"Both side[s] will never agree with it. Palestinian[s] want Jerusalem as the capital and we will never do this," said Jonathan Nissim Malcha, who immigrated from France.

Kempinsky says God has a plan for the city whether the world believes in it or not.

Ross: What do other nations say when you or other groups say when you speak the way you're speaking now, with your argument, your point of view ... how does a Palestinian respond to that?

Kempinsky: I think the secret to understanding this country is that facts are completely irrelevant.

Ross: Facts are irrelevant?

Kempinsky: Facts are completely irrelevant. Reality is not what counts here. Perception of reality is what counts. And I believe that to understand what goes on here, especially with the Palestinians, is you need to understand what they perceive. They really believe what they believe because they've been told that's what they need to believe. So dialogue with the Palestinian[s] today has become almost impossible because Islam has moved into an area that has become impossible.

Jerusalem is never mentioned by name in the Koran [Islam's holy book], but Muslims interpret a reference to the furthest mosque as being al Aksa mosque on Jerusalem's Temple Mount. 

At the Damascus Gate in Jerusalem's Old City, Ross asked Muslims and Arab Christians how they viewed their connection to the city.

"What took by force, we'll come back by force," one man said.

"Well there you go," Ross commented.

Ross asked a second man if he thought the city should be divided.

"I believe that they have the two sides sit together and speak together, leave the Arab countries aside and they can come to peace. Jerusalem is not a big problem," the second man said.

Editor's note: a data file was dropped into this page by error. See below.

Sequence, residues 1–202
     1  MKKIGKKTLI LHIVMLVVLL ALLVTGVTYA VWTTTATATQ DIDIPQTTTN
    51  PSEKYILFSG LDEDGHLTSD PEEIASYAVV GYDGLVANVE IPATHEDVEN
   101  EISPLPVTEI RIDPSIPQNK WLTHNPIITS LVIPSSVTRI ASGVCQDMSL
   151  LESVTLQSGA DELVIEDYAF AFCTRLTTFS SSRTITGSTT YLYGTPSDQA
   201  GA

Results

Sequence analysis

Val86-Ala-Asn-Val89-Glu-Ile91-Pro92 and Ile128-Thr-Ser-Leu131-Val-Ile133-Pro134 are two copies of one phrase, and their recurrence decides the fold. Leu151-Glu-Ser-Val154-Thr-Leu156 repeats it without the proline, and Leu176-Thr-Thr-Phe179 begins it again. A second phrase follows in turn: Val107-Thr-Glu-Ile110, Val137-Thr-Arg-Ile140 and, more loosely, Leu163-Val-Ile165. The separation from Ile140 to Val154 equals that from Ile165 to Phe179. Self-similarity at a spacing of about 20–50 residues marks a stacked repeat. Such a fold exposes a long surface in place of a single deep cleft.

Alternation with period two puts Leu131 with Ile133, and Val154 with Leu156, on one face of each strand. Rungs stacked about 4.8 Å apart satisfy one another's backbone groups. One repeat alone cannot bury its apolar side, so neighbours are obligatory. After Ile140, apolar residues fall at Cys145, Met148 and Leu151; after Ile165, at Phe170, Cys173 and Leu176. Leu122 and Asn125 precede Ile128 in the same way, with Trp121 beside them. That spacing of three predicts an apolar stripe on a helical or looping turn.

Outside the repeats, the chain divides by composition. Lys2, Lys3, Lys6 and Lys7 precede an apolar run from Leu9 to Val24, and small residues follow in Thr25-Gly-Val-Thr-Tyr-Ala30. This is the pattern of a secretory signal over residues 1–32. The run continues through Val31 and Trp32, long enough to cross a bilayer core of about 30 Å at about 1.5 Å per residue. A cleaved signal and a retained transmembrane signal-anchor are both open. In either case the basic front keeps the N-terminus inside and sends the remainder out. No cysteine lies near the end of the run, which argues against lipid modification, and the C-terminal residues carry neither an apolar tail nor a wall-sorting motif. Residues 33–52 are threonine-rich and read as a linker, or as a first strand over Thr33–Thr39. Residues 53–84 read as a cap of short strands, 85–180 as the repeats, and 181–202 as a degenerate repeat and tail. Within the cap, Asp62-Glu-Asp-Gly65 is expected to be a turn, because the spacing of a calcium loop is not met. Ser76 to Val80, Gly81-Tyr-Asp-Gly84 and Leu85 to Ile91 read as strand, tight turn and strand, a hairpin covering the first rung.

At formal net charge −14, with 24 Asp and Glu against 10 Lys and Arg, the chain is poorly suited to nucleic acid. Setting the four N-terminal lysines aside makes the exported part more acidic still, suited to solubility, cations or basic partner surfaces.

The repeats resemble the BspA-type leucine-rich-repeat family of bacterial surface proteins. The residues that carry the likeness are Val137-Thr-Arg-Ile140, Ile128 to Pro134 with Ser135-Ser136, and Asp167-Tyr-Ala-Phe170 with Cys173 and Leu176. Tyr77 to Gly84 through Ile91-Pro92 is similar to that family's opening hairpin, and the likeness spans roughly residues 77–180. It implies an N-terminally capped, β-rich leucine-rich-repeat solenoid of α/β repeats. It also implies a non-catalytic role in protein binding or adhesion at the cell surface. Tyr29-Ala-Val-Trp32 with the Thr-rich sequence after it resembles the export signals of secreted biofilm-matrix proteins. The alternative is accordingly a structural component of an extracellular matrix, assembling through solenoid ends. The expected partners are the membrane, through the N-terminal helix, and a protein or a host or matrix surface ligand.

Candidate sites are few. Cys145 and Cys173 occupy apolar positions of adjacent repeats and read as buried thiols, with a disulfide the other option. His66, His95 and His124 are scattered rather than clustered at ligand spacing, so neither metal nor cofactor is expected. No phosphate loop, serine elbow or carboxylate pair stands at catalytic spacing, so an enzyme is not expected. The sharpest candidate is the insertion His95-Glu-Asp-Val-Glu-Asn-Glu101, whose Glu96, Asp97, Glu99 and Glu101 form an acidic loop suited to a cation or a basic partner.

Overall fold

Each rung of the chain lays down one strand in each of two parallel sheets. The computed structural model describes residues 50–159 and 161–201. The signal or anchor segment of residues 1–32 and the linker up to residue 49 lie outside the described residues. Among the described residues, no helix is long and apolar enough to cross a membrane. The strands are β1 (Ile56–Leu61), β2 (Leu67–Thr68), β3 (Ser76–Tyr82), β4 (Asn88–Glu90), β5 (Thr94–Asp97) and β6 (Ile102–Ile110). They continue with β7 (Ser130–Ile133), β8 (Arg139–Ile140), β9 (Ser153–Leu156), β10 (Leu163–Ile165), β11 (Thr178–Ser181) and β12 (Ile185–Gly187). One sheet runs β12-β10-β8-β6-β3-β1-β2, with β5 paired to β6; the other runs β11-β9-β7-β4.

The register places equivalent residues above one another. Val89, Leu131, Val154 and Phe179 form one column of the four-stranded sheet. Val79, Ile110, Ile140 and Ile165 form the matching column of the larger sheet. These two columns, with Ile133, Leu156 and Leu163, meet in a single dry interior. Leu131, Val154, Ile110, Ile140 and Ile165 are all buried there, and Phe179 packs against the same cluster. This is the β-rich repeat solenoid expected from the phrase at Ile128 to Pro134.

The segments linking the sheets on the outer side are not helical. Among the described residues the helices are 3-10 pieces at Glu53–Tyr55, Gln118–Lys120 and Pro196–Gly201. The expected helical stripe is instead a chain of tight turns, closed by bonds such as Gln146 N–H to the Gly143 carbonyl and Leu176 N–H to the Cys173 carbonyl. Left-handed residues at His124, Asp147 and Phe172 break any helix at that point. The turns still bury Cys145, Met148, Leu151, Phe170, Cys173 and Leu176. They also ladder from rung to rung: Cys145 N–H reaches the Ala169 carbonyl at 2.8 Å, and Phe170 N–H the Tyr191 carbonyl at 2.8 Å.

"It is not a big problem?" Ross asked.

"No. They make it a big problem. It's not a big problem. It's for all the religions," he said.

"This is all Arab town [city]. This is [an] Arab town. Can't be divided," a third man said angrily.

And then, two of them began to argue with each other right in front of Ross and the cameras.

"I didn't say to give. Never, ever I say to give [up the city]," the second man said.

"You can't divide the Old City. Jerusalem, I said, is only for Palestinians. Not Israelis. Israel [is] outside the occupied territories -- where is Zion gate," the third man argued.

"You have the Wailing [Western] Wall. What you are going to do with the Wailing Wall?" the second man asked.

"The Wailing Wall, they could have the Wailing Wall and the Armenian quarter," the third man shouted.

Ross noted that this was a perfect example of the explosive nature of the issue. 

As one of the most contested places on earth, the Bible says Jerusalem will be a stumbling block to the entire world. 

Ross: We pray for the peace of Jerusalem. What are we praying for?

Kempinsky: The word for…for peace is…

Ross: Shalom?

Kempinsky: Shalom, it comes out of the word shalem. Complete. We're praying for that completion -- when the heavenly and the earthly will be clearly seen as being united. It's not a future event. It's a future revelation.

Ross: Do you think it's going to happen in your lifetime?

Kempinsky: I believe it's imminent.

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Scott Ross and Julie Stahl

Scott Ross and Julie Stahl

CBN News Middle East Bureau